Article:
2008-My Watershed Moment by Barry B. Wright

Women Looking onto the water

Yesterday changed everything.
Where do I go? What do I do?
Questions scratched on a wall before the abyss.
Once my Springs were full of scented flowers and warm gentle breezes; they flowed like honey for me.
Daily, from golden cups, I copiously drank their intoxicating mixture of nectar and life’s festive dream.
I had made it.
Atop my perch upon the mountain I felt safe.
Then the winds thundered through and toppled the oak tree.
What now? Why now?
Fate’s smiling and deathless face has struck me deeply; it carries no answers but greed; it has shattered dreams with its fierce pain.
My climb wasn’t easy. Can I do it again? Of course I can.
I know nothing less than to win.
I have achieved great things.
Or, so I thought.
Hubris, my blindness, barred my way home.
Money, too much money, often shapes what’s wrong to make it seem right.
Truth becomes lost in the frenzy of perception’s ninety-nine percent and the one percent’s hold.
No longer do I want to bathe in the flicker of their incense.
Their faces, shadowed and cold, flow in the water by me.
Does guilt-free sleep lie beneath its surface? I think not.
What will excite my mind again?
It must not be the same.
If my life ended, how would I be remembered?
Would I be remembered for who I was or who I became?
Reading the fullness of my story is what I would prefer; not to be forgotten as the one they no longer could reach.
Time is the currency I must follow.
My friends are the people I care for best; they can do me much harm if they leave me.
Their forgiveness is paramount; in it lies hope; without it future’s potential is lost to a tapestry fixed in the past.
My abilities are steady and sure; they will navigate me to where I need to go.
But my choices, they must change; they must answer what I truly am.
Does wisdom follow my aging or does it lie beyond my reach?
I guess it depends on who is watching.
Opinions flow easily where knowledge is lacking.
No longer at war with myself, days fly by where once only seconds dragged on.
I own my fate and for the first time I know it.
If it is true that you are what you were when, then this year is my watershed moment.

An August Morning Better Spent by Barry B. Wright

Girl Under the Window

It was 4:00 A.M. Rain smashed against the bedroom window; howling winds pushed tree branches to and fro along the siding like fingernails across a chalkboard.

Too driven by daily routine to remain spooned against my wife, I carefully, so as not to disturb her, slid out of the comfort of our warm bed and into my slippers. Grabbing my dressing gown from the chair beside the door I put it on before heading downstairs.

I stared out the living room window. Ugh! Depressing, I thought. It’s more like the grey days of November than early August. An involuntary shiver seemed to emphasize that very point as the wind threw another bucket of water at the window.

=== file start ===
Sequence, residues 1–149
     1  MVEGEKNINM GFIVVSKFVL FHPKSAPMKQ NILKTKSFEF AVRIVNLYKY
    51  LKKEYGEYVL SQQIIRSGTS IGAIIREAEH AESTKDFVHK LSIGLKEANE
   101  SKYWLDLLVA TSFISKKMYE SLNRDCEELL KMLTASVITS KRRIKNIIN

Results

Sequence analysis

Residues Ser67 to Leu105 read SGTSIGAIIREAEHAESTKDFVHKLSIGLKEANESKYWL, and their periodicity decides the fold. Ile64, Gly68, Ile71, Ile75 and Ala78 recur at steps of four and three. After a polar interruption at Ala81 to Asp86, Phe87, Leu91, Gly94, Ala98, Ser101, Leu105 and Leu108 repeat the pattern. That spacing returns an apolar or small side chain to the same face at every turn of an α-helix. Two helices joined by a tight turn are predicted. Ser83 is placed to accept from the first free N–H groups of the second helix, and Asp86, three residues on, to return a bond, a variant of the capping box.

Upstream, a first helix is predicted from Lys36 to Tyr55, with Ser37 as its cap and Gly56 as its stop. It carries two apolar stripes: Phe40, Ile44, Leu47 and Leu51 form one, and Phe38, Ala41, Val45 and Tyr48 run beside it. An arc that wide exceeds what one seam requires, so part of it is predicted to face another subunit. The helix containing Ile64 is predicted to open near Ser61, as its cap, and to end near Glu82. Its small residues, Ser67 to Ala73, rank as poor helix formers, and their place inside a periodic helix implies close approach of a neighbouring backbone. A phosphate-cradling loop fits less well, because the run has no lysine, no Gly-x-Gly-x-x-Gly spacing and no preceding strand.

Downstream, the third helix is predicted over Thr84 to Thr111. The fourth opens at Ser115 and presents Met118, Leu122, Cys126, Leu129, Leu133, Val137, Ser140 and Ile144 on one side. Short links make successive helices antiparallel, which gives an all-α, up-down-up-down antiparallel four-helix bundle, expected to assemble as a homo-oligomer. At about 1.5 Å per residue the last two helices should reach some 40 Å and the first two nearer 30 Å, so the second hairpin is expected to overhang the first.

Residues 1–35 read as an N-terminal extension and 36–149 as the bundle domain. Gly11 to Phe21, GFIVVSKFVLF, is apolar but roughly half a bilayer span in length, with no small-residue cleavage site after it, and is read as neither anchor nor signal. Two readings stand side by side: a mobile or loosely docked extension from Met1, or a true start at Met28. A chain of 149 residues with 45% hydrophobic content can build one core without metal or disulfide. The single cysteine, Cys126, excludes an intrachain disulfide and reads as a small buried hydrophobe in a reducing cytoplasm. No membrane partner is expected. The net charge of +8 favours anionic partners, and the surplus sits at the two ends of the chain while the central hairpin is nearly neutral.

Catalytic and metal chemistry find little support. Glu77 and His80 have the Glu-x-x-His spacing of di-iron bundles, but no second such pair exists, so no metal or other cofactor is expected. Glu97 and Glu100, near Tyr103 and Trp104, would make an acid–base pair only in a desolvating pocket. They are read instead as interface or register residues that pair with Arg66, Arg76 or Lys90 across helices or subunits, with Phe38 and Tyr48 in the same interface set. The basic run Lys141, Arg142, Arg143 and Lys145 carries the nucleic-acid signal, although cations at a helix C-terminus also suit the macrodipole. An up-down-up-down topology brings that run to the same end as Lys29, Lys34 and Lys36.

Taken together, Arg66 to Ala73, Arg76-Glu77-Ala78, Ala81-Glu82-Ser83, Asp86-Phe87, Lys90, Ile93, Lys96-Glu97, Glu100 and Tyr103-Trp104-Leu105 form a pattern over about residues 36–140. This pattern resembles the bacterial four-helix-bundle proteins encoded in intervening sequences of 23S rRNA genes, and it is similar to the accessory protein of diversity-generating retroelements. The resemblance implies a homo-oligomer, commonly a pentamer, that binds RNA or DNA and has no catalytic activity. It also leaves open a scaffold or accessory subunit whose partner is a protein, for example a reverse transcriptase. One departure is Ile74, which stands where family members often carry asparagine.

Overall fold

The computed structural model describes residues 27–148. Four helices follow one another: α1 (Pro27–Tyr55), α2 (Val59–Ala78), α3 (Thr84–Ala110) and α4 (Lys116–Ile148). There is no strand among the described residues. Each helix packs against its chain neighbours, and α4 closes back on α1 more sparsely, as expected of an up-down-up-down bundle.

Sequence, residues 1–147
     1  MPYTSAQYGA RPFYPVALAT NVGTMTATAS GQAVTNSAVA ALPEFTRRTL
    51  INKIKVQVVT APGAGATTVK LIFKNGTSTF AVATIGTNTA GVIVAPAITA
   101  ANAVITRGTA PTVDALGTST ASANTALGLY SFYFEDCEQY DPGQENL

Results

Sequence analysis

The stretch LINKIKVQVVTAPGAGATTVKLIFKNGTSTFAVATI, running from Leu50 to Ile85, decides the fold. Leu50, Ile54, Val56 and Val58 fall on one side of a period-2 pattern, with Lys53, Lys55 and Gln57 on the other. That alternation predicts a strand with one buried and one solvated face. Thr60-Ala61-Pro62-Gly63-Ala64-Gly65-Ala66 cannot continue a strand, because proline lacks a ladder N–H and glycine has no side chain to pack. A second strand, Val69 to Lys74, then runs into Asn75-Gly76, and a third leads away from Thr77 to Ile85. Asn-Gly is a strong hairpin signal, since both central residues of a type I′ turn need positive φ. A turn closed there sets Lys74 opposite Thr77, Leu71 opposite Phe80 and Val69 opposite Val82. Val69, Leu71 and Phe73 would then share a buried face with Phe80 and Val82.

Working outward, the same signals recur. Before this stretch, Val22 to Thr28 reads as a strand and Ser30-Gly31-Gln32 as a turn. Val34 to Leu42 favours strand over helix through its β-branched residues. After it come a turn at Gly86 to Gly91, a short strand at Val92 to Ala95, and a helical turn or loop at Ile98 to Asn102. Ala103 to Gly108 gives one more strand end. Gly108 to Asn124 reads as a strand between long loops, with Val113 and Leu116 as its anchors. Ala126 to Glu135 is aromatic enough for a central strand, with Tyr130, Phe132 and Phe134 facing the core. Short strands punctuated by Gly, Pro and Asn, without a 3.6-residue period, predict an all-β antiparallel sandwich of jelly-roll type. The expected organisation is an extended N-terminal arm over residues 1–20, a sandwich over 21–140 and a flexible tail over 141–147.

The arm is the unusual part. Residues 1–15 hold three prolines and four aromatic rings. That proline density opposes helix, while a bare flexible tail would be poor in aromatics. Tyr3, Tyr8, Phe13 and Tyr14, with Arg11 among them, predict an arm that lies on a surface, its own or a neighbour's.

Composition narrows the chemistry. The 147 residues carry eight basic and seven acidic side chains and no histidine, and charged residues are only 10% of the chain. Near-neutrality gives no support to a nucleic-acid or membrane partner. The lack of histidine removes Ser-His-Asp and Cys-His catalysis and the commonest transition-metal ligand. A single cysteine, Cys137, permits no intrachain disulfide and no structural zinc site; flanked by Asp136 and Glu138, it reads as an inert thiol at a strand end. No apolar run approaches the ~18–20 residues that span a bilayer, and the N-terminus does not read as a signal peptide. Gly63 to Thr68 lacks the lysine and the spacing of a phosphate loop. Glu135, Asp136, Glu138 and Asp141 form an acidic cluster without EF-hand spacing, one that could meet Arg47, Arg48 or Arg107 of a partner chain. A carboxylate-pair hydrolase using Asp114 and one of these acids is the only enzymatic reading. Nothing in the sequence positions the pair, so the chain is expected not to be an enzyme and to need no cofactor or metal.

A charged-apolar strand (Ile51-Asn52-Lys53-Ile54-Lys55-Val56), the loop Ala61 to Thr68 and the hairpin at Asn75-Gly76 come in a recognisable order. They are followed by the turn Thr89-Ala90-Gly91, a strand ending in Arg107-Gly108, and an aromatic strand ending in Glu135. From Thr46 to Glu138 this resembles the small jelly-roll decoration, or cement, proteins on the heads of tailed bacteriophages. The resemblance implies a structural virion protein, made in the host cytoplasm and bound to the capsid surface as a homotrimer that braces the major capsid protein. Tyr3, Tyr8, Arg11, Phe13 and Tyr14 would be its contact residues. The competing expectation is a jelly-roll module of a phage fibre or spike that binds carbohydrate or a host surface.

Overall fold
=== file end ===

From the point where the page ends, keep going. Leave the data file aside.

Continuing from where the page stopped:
Normally, I met each day with vim and vigor but today my oomph was beginning to poof.

I must change my perspective; I must re-focus. Some soft jazz and a shave and shower should do the trick, I thought. And, sure enough, by the time I returned to the kitchen for my granola, milk and fruit, I was loaded for bear.

To my surprise, my lovely wife, who usually slept late on weekends, was curled up on the loveseat under the side window in the living room. I could not pass without stopping to drink in her beauty. I had to touch her and smell her hair. Close to her, I knelt on one knee. Her eyes opened and she smiled.

“I didn’t mean to awake you,” I said stroking her hair.

“You didn’t. Go get ready while I fetch you your breakfast.”

As always, I had prepared my gear the night before and had left it in the mudroom. Unless I got a lucky break in the weather, which seemed unlikely, my forty kilometer cycle today would likely be a difficult one.

Fifteen minutes later, after she gave me a very warm, lengthy and lascivious embrace, I cycled away feeling somewhat flushed and reflective.

The tall trees on either side of the road afforded me a brief but pleasant respite from the sheets of rain. I glanced back at our home. Our bedroom light turned off; at the window was her outline; then, the curtains were closed.

The land opened up into flat fields on either side. Nature was furious and I was her prey. Cycling into head winds was grueling as rain pellets stung sharply and slashed at my face. I had prepared with my weather-proofed gear but, nonetheless, I felt soaked through and through. And, I had barely begun.

It wasn’t long before my senses came to a consensus that my mettle was not up to the challenge…today.

I turned for home.

The house was dark and quiet as I slipped out of my gear. I hung each item on a makeshift clothes line in the laundry room and dried myself down.

Butt naked, I ascended the stairs to the bedroom.

Climbing into bed, I snuggled up close to her and wrapped my arm around her waist. Her hand touched my thigh and followed it up. She moaned and backed in closer.

“We’ve got lots of time,” she giggled. “That silly husband of mine is out cycling in that mess and won’t be back for hours.”

For a flicker of a moment I froze, stunned by her remark. That is, until the light bulb in my head went on.